Laws punishing public intoxication vary widely among states. This article discusses Georgia’s public intoxication law, but other alcohol-related issues may also apply to your case. For example, if you are at a bar and have too much to drink and end up getting angry and hitting someone, you might also face assault charges. Or if you leave the bar and try to drive yourself home, you can be arrested for drunk driving (also known as “driving under the influence” or "driving while intoxicated”). And other laws apply to being under the influence of illegal drugs.
In Georgia, public intoxication (or “public drunkenness”) means appearing in an intoxicated condition in a public place (or on private property without permission), and
“Private property” includes the land and buildings surrounding a private dwelling. This means that a defendant who, for example, stumbles into or passes out in someone’s back yard while drunk may be arrested for the crime of public drunkenness even though the person was not technically in public.
Additional charges apply if the defendant causes personal or property damage while in a drunken state. And counties and municipal corporations may pass additional laws to punish public drunkenness or disorderly conduct within their respective limits.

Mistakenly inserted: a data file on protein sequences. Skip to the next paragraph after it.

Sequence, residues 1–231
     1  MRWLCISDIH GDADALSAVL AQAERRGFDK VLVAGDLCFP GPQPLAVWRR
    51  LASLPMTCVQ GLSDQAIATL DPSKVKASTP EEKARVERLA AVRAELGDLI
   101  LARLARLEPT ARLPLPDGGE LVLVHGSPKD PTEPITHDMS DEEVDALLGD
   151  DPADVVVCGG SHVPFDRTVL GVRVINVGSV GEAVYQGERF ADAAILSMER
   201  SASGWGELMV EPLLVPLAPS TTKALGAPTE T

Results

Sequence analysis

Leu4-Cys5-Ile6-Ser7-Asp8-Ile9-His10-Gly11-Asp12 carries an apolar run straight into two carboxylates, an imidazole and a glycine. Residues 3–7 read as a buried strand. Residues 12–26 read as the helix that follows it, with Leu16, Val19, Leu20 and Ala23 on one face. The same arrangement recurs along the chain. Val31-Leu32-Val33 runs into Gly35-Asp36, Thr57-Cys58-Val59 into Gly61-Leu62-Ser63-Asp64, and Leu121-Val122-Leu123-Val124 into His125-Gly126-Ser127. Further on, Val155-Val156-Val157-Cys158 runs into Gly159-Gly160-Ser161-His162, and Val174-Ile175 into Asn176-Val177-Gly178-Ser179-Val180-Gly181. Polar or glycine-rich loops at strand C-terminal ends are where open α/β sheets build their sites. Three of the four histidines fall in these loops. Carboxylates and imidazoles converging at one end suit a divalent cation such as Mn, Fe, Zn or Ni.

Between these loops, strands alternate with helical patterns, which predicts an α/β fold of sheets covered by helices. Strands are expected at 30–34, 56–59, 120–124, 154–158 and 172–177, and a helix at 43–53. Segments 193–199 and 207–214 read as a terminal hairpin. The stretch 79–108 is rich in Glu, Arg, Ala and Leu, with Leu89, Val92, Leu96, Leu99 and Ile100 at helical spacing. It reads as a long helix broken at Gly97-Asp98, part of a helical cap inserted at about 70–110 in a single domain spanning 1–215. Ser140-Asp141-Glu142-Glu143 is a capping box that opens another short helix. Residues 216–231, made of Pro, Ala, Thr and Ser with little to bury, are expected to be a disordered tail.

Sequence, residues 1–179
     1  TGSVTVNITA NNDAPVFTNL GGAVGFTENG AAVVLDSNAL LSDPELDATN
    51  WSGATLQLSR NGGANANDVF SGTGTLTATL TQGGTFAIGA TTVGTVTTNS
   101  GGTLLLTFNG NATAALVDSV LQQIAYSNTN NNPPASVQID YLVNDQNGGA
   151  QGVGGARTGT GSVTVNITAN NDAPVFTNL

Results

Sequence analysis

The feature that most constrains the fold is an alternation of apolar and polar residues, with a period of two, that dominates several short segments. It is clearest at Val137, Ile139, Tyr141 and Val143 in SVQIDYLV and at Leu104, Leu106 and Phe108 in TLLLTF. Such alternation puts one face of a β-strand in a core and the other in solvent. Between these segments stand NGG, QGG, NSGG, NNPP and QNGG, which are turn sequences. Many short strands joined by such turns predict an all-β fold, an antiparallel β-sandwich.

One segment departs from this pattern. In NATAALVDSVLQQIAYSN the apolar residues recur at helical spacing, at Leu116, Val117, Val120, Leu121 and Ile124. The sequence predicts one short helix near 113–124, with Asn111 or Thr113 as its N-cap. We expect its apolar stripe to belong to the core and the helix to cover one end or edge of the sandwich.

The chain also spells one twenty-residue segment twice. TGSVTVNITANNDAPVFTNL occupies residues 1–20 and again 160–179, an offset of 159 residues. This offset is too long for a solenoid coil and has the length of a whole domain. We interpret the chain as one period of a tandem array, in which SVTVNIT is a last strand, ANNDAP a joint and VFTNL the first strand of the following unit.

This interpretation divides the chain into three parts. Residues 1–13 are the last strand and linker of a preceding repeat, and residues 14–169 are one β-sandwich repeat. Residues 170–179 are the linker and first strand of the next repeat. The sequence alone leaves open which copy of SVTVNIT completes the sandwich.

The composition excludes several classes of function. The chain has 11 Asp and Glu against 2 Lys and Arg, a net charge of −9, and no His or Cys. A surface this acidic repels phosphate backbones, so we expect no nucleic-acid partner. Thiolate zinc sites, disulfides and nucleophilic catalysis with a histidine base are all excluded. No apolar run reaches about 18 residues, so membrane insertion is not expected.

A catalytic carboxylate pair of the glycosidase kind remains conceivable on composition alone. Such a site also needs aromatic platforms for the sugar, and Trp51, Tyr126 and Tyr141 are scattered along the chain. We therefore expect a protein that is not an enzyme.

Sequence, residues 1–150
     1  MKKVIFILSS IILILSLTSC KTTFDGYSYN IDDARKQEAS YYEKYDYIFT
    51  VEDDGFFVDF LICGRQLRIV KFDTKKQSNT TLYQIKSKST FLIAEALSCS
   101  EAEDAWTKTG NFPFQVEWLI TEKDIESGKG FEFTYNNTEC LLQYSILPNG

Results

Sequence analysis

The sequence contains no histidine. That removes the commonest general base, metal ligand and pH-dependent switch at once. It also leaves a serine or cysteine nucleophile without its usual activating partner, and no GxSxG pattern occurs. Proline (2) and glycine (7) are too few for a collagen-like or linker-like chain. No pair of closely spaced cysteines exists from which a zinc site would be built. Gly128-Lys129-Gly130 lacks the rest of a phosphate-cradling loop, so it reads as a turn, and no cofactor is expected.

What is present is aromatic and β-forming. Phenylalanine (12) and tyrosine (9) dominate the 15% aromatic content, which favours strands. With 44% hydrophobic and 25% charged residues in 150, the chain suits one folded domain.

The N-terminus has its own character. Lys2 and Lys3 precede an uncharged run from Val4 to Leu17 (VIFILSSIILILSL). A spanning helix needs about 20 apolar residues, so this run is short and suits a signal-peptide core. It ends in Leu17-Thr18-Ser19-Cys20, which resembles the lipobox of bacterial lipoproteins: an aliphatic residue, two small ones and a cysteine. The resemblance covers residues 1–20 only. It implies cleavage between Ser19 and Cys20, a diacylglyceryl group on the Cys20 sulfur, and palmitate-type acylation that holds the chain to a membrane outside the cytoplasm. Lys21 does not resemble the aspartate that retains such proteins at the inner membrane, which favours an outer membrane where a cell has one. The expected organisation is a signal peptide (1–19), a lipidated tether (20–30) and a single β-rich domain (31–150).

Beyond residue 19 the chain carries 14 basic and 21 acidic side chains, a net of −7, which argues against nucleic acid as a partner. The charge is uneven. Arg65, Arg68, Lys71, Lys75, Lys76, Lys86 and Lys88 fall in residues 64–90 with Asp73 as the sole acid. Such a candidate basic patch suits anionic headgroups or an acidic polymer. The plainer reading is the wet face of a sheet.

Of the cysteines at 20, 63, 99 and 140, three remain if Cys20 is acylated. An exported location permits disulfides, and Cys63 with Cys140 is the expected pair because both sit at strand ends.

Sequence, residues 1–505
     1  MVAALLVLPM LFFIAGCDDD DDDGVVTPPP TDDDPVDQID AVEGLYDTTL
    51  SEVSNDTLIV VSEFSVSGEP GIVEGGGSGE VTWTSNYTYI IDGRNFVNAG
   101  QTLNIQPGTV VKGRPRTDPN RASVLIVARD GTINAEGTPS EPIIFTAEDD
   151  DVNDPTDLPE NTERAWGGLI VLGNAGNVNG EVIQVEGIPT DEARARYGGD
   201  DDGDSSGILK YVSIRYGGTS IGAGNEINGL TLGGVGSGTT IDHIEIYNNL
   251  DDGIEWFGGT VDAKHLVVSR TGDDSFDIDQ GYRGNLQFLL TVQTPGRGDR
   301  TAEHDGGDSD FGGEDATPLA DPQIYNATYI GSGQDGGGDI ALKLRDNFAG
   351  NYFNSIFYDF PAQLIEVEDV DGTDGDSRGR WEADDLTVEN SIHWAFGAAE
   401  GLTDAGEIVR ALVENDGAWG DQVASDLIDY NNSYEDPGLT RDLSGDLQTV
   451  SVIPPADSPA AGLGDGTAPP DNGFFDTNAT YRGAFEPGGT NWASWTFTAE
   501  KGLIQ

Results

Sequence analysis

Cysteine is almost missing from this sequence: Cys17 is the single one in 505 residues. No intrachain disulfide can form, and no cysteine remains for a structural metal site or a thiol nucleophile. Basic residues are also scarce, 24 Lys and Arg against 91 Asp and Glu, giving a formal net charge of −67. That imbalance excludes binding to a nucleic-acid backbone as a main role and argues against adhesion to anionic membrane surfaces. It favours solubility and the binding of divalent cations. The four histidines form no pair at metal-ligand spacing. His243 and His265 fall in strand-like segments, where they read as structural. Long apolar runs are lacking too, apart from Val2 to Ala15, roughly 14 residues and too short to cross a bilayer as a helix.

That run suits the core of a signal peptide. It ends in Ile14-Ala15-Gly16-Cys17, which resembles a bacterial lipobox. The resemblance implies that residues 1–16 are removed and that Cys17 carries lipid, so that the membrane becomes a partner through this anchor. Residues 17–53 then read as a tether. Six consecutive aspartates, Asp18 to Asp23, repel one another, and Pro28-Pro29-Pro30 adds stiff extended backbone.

Public drunkenness is a misdemeanor in Georgia. Penalties include a fine of up to $1,000, up to one year in jail, or both.
Defendants may raise several defenses to public intoxication charges in Georgia. Most of these focus on showing that there is little or no evidence to support one or more of the elements of the offense, as explained above. Some common examples are explained below.
Not intoxicated. A defendant may argue that he was not intoxicated at the time of the arrest. But because juries and judges tend to believe the testimony of the arresting officer, this defense can be hard to substantiate unless the defendant has concrete evidence (such as a blood alcohol test) showing that he was not intoxicated. Defendants are not entitled to blood alcohol tests when they are arrested (nor do officers have to administer them to substantiate the charge).
No harm, no foul. A defendant may also challenge the prosecution's evidence that is being offered to show that he was being boisterous, vulgar, profane, or loud, by questioning the witnesses or providing witnesses of his own. If the prosecution is claiming that the defendant was nude or performing an indecent act, the defendant may offer a similar challenge.
Not a public place. Another potential defense is showing that the arrest was not made in a public place, or that the defendant was involuntarily in a public place at the time of arrest. For example, a defendant may not be ordered out of his home by a law enforcement officer and onto the sidewalk, and then arrested for public intoxication.
If you are charged with violating a public intoxication law, even if the consequences are relatively mild, consider consulting with a criminal defense attorney who is familiar with how these cases are handled in your area. An experienced attorney can help you understand the charges against you, explain your options, discuss possible defenses you may raise, and protect your rights.